ABSTRACT: BACKGROUND: IL-1β-mediated inflammation contributes to development and progression of coronary artery disease (CAD). We aimed to assess the prognostic impact of the inflammatory marker Interleukin-1 receptor antagonist (IL1-Ra), reflecting high IL-1β activity, in patients with documented CAD. METHODS: IL-1Ra levels were determined in 1337 subjects of the AtheroGene study, a prospective cardiovascular registry comprising patients with CAD as detected by coronary angiography presenting with acute coronary syndrome (ACS) or stable angina. Median follow-up was 6.4 years. RESULTS: Patients with IL1-Ra levels in the highest tertile presented more often with ACS (55% vs. 40% vs. 34%, p < 0.001), were more commonly treated with PCI (47% vs. 39% vs. 34%, p < 0.001), had lower left ventricular ejection fraction (LVEF) (61 ± 15% vs. 62 ± 15% vs. 65 ± 14%, p = 0.001) and higher hs-CRP levels (10.0 vs. 4.2 vs. 2.5 mg/L, p < 0.001). IL1-Ra levels at baseline were predictive for all-cause mortality in the total study cohort after adjustment for conventional cardiovascular risk factors, LVEF, hs-CRP and Troponin T (adjusted HR 1.45 (95% CI 1.16-1.82), p < 0.001). In a subgroup of patients with ACS, but not in those with stable angina, IL1-Ra was an independent predictor for cardiovascular mortality (ACS: adjusted HR 1.93 (95% CI 1.33-2.80), p < 0.001; stable angina: adjusted HR: 1.26 (95% CI 0.92-1.73), p = 0.16). CONCLUSION: IL1-Ra is an independent predictor for adverse outcome in patients with documented CAD, beyond the prognostic value of hs-CRP and Troponin T in particular in the setting of ACS. For CAD patients our finding might improve both, risk assessment in secondary prevention and patient selection for anti-inflammatory treatment.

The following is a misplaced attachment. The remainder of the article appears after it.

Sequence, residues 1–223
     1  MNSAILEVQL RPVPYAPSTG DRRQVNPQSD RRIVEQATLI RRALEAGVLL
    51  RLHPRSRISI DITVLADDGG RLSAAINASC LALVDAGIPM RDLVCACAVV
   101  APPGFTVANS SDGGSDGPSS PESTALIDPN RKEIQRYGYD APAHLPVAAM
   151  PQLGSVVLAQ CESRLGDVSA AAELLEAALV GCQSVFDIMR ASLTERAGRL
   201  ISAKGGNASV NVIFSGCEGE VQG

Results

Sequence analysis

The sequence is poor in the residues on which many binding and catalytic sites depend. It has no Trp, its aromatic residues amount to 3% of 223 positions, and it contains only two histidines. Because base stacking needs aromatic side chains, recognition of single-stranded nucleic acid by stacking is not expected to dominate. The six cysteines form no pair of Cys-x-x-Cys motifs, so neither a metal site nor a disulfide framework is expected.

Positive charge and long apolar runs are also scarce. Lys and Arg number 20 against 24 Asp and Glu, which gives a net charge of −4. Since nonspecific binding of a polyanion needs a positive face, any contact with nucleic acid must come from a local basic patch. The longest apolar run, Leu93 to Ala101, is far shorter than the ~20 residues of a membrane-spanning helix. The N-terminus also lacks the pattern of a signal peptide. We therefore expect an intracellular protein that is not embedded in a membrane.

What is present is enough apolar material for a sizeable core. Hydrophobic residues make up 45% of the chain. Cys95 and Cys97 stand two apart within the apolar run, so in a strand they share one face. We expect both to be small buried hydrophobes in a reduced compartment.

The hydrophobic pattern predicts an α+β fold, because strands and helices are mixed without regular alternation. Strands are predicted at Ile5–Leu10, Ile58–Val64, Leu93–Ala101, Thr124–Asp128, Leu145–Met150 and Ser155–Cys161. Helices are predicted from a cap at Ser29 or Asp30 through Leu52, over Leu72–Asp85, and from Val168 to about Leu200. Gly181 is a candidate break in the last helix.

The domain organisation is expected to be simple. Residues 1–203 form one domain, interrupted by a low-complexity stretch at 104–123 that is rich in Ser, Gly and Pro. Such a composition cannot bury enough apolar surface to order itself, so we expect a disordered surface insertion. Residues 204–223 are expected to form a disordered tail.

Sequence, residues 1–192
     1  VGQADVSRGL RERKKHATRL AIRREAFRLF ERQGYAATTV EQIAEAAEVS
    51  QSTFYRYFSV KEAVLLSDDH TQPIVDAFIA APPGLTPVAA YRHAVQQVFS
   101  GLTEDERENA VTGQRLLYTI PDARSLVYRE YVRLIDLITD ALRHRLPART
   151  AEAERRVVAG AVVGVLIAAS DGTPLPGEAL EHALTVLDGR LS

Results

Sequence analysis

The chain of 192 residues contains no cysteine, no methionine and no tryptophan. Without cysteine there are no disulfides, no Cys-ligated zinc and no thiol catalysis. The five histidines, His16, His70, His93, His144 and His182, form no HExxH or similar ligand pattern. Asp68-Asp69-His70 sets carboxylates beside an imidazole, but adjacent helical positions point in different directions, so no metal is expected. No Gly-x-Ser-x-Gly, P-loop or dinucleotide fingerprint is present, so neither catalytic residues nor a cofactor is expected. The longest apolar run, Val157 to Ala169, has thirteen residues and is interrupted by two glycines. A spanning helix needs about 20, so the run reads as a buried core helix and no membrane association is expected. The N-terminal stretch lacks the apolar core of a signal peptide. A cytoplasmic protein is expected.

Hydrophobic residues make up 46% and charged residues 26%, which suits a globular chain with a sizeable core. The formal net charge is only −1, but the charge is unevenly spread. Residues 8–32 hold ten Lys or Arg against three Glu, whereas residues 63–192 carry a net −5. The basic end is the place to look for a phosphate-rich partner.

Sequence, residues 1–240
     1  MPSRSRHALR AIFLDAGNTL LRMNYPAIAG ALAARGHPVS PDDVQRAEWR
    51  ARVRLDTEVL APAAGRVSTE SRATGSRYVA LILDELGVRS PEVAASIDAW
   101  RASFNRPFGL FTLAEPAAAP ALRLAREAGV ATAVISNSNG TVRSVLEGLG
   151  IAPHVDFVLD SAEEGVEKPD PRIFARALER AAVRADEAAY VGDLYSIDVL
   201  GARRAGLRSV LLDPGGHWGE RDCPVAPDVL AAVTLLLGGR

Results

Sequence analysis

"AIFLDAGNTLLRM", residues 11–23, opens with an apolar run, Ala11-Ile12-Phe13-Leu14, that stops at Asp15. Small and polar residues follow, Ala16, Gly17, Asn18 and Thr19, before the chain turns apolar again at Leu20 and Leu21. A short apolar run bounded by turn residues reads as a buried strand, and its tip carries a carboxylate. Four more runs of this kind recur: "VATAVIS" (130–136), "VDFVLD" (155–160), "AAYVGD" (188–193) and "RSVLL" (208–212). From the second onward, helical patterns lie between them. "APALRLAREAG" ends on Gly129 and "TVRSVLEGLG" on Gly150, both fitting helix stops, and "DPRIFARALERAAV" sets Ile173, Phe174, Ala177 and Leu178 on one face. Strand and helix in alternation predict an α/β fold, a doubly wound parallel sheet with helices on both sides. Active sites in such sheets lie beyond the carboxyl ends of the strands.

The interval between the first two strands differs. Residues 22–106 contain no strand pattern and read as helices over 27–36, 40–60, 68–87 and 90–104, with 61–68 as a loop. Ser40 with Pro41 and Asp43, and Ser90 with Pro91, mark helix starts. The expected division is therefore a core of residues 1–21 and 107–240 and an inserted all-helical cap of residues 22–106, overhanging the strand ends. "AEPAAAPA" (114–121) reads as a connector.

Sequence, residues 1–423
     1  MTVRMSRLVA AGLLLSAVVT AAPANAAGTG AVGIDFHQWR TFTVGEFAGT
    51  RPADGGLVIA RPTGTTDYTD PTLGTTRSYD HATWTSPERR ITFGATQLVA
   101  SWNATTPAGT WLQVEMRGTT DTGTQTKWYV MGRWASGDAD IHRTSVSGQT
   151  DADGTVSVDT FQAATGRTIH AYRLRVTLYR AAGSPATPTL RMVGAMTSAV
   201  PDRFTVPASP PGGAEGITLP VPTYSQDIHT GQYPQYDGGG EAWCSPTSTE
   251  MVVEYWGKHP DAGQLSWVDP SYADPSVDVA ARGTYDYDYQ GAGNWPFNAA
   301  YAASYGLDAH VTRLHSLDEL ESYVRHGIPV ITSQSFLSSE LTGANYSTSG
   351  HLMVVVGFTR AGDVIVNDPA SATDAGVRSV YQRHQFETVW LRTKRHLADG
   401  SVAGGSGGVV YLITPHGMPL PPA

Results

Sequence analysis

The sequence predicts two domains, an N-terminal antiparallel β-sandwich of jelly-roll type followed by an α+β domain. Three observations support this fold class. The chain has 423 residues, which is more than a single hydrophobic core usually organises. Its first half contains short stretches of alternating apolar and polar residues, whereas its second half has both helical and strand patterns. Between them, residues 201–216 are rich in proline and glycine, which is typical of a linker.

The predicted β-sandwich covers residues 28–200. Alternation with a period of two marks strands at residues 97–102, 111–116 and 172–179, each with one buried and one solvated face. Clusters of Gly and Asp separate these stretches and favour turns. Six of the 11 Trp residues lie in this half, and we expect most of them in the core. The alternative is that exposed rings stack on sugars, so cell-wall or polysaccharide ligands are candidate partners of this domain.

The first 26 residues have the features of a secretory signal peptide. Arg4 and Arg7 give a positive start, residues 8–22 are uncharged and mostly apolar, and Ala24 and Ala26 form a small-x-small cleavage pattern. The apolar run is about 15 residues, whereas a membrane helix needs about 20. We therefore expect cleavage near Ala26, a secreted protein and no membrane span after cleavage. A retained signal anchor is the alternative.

10 Article Cysteine-rich angiogenic inducer 61 (Cyr61): a novel soluble biomarker of acute myocardial injury improves risk stratification after acute coronary syndromes. 2017